Plato/Waldorf

Child-rearing and early childhood education are topics that sneak their way into Tamar Gendler’s course at Yale titled Philosophy and the Science of Human Nature.  Robert highly recommends the whole course.  If everyone were to watch this course, the world would be MUCH better off.

Here is one particularly good (they are all good) lecture that comes toward the end of the course.  The title of the lecture is “Censorship.”  What Gendler discusses centrally is the urge to censor that can be said to have its rooting in Plato’s warnings about allowing children too much exposure to the “wrong kind” of poetry.  To Plato, the children who were to be the leaders of society should not be exposed to fiction that demonstrates bad behavior.  This is because even though the human mind “knows” a story is fictional, the irrational portions of one’s mind (soul) are not well able to defend against these stories, and, ultimately, these stories result in the habituation of that bad behavior and the diminution of virtue. To Plato, this irrational part of the mind is to be strengthened early in the education process. Only then should children move on to the learning of rationalizing subjects.  Very Waldorf.  Very cool.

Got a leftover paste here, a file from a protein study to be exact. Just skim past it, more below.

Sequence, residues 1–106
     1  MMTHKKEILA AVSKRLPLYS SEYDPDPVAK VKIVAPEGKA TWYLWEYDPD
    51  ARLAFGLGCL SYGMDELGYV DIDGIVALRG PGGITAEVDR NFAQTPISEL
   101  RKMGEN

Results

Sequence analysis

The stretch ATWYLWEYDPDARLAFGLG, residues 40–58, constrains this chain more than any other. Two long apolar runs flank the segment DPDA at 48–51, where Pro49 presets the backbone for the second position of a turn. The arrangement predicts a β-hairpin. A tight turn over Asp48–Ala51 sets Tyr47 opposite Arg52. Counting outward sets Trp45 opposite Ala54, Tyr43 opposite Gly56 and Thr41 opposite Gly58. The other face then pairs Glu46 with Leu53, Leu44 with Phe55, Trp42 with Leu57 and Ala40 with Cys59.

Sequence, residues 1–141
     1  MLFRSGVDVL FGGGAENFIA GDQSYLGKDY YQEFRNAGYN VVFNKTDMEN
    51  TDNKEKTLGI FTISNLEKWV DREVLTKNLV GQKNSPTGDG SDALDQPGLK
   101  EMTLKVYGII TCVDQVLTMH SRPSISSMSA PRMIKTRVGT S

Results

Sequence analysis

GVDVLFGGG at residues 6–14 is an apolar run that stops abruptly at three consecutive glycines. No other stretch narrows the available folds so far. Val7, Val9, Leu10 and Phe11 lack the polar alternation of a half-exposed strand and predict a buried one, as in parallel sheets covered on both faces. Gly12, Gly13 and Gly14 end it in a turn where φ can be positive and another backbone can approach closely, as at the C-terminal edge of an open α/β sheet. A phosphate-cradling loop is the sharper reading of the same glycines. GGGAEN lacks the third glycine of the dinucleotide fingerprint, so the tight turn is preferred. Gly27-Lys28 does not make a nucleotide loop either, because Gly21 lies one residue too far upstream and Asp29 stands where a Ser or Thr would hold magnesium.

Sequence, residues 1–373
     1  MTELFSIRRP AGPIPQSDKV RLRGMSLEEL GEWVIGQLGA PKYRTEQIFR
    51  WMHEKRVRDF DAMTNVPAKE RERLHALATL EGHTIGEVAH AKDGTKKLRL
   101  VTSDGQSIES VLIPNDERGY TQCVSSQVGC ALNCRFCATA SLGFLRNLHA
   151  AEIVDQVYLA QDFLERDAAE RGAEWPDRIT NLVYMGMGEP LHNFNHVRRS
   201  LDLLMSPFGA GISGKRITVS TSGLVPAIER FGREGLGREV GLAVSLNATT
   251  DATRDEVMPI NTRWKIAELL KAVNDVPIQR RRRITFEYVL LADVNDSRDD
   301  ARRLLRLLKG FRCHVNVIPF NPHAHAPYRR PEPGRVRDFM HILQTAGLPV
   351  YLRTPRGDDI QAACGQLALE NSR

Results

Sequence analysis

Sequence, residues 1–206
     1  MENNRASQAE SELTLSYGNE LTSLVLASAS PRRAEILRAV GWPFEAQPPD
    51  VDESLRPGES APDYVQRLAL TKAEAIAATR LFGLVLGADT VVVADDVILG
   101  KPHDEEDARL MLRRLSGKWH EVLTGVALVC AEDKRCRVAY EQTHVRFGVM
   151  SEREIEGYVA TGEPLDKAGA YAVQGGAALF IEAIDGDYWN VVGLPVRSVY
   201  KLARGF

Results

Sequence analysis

Of course, some people say that Plato was responsible for WWII, so let’s not get carried away . . .

 

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